Although the newspaper competes with the St. Paul–based Pioneer Press in the Minneapolis–St. Paul area, the Star Tribune is more popular in the western metropolitan area, and the Pioneer Press is more popular in the eastern metro area. The newspapers share some printing and delivery operations.[35][36]

The Star Tribune went online in 1995, introducing the website the following year. In 2011, the website erected a paywall.[9][37]


The Star Tribune has five main sections: main news, local news, sports, business, and variety (lifestyle and entertainment). Special weekly sections include Taste (restaurants and cooking), travel, Outdoors Weekend, and Science + Health. The Sunday edition has a more prominent editorial and opinion section, Opinion Exchange.


Journalists with the pre-merger Minneapolis Star and Minneapolis Tribune won three Pulitzer Prizes:

Star Tribune journalists have won three Pulitzers:

  • 1990: Lou Kilzer and Chris Ison, Investigative Reporting[41]
  • 2013: Steve Sack, Editorial Cartooning[42]
  • 2013: Brad Schrade, Jeremy Olson and Glenn Howatt, Local Reporting[43]

In 2021, the staff of the Star Tribune won the Pulitzer prize for breaking news coverage for the "urgent, authoritative and nuanced" coverage of the murder of George Floyd.[44]

Staff and management[edit]

Columnists affiliated with the Star Tribune include:

In April 2023, Steve Grove became the new publisher as Michael Klingensmith stepped down. Grove was the head of the Minnesota Department of Employment and Economic Development under Minnesota Governor Tim Walz.[45] He formerly worked as a reporter and a Google executive, leading the Google News Lab. Klingensmith has served as publisher since 2010.[20]

Headquarters and printing plant[edit]

Aerial photo of long, low office building
Star Tribune Downtown East headquarters until 2015

After the Cowles family consolidated the city's newspapers, their offices were gradually moved to the former the Daily Star headquarters in downtown Minneapolis. The building was renovated from 1939 to 1940 and expanded in a larger renovation from 1946 to 1949. After 1949, the building housed the offices and presses of the Star and the Tribune. During the 1980s, an annex, the Freeman Building, was built across the street from the headquarters and connected with a skyway.[46][47] In 1987, the Star Tribune opened a new, $110 million printing plant, called the Heritage Center, in a historic warehouse district on the northern edge of downtown Minneapolis. Its five offset presses took over printing all Star Tribune editions. News and business offices remained in the downtown headquarters, whose old presses were removed.[48]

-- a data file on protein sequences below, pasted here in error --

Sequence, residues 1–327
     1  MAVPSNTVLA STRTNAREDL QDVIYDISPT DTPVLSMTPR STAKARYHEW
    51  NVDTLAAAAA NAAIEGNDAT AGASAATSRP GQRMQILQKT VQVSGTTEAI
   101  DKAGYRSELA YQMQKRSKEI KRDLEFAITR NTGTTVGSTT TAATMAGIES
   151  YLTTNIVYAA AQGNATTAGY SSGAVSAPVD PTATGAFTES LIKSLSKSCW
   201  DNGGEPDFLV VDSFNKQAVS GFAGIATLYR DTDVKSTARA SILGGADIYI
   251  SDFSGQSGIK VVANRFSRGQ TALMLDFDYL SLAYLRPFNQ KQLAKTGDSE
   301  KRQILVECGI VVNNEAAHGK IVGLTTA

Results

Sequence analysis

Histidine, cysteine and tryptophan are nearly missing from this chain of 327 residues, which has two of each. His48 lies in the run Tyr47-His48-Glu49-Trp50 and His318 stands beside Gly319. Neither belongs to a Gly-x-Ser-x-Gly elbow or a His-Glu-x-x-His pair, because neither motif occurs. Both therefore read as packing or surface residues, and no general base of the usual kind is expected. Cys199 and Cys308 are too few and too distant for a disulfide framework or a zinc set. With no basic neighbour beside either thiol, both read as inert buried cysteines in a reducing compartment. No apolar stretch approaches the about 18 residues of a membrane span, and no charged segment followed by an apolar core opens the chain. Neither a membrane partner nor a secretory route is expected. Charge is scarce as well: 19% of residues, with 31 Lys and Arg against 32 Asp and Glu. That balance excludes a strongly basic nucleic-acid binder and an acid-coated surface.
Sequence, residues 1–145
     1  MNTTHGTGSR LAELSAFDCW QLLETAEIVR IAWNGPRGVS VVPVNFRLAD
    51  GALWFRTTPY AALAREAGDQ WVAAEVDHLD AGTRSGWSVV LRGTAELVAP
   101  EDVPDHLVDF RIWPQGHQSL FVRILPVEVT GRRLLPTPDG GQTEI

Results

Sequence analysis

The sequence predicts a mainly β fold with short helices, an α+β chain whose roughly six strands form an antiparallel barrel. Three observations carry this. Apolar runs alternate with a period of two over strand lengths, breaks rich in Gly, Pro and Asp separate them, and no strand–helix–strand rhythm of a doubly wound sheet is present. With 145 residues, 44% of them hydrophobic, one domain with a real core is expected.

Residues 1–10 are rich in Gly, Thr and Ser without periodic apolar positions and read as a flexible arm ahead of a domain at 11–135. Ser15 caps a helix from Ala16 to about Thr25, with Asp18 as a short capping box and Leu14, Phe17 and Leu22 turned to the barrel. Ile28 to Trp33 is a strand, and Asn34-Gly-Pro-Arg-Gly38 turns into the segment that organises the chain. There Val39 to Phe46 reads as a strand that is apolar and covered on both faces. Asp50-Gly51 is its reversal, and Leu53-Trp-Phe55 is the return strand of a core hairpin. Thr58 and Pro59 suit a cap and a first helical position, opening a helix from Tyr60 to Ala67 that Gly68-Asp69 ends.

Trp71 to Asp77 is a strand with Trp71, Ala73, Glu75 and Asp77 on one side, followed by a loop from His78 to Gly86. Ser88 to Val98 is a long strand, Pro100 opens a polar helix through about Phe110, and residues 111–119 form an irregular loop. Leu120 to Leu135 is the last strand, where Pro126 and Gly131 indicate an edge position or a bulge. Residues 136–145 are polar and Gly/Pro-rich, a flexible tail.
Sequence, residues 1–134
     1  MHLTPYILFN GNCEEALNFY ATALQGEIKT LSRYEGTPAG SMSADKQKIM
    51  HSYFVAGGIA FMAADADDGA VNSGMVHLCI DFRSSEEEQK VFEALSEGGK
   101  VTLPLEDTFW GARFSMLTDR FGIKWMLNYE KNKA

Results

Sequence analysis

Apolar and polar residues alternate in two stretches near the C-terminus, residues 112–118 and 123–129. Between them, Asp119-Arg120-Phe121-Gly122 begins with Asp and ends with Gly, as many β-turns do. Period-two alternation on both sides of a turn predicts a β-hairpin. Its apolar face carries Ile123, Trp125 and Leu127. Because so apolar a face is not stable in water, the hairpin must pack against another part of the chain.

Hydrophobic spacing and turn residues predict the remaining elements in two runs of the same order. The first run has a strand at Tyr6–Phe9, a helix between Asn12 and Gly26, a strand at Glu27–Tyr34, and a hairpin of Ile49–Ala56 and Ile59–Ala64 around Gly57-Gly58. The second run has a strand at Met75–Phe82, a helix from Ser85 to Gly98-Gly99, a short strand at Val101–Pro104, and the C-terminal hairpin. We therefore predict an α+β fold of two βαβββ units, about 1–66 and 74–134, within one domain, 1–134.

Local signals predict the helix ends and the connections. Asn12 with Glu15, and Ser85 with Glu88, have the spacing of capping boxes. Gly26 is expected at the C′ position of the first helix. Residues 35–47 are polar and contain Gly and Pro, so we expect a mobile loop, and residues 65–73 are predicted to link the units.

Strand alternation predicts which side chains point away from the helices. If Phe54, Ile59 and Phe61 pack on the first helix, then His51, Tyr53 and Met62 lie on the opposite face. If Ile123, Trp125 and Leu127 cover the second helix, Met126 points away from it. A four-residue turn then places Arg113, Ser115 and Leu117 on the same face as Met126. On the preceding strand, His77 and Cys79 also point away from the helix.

In 2014, the company announced that it would relocate from the 95-year-old headquarters building to the newly christened Star Tribune Building at the Capella Tower complex, making way for development around nearby U.S. Bank Stadium. Demolition of the buildings began in 2014; the last employees relocated in mid-2015, and the demolition was completed later that year.[49][50] Also in 2014, the Star Tribune's Heritage printing plant began printing the St. Paul Pioneer Press[51] under a contract with its cross-town rival. The following year, USA Today contracted with the Star Tribune to print regional copies of its daily edition at the Heritage plant.[52] Printing plants owned by those newspaper companies in St. Paul and Maple Grove, Minn., shut down.[51][52]

See also[edit]


  1. ^ "Minnesota Newspaper Directory 2024" (PDF). Minnesota Newspaper Association. Archived (PDF) from the original on March 15, 2024. Retrieved March 28, 2024.
  2. ^ "| Minnesota Historical Society". Retrieved September 17, 2023.
  3. ^ "OPINION EXCHANGE | Ethnic studies will turn schools into extremist boot camps". Star Tribune.
  4. ^ "Minneapolis Tribune". Minnesota Historical Society. Retrieved January 17, 2023.
  5. ^ a b c d e Morison, Bradley (1966). Sunlight on Your Doorstep: The Minneapolis Tribune's First Hundred Years. Minneapolis: Ross & Haines.
  6. ^ "About Star tribune. (Minneapolis, MN) 1999-current". Chronicling America: Historic American Newspapers. Library of Congress. Retrieved January 24, 2020.
  7. ^ Johnston, Louis; Williamson, Samuel H. (2023). "What Was the U.S. GDP Then?". MeasuringWorth. Retrieved November 30, 2023. United States Gross Domestic Product deflator figures follow the MeasuringWorth series.
  8. ^ Nathanson, Iric (March 23, 2015). "'Newspaper with a Soul': The Short-Lived Minnesota Daily Star launched in 1920". MinnPost.
  9. ^ a b c "Timeline: A Look at History of Star Tribune". Star Tribune.
  10. ^ "Minneapolis Man Gets Houston Post". Lubbock Avalanche-Journal. September 20, 1960. p. 39. Retrieved June 14, 2014 – via
  11. ^ "The Press: Let History Try". Time. August 29, 1960. Retrieved October 10, 2011.
  12. ^ a b Royce, Gradon (March 19, 2012). "Publisher John Cowles Jr., who Shaped the Twin Cities for 50 Years, Dies". Minneapolis Star Tribune.
  13. ^ "Minneapolis Star & Tribune Company v. Minnesota Commissioner of Revenue" – via Oyez.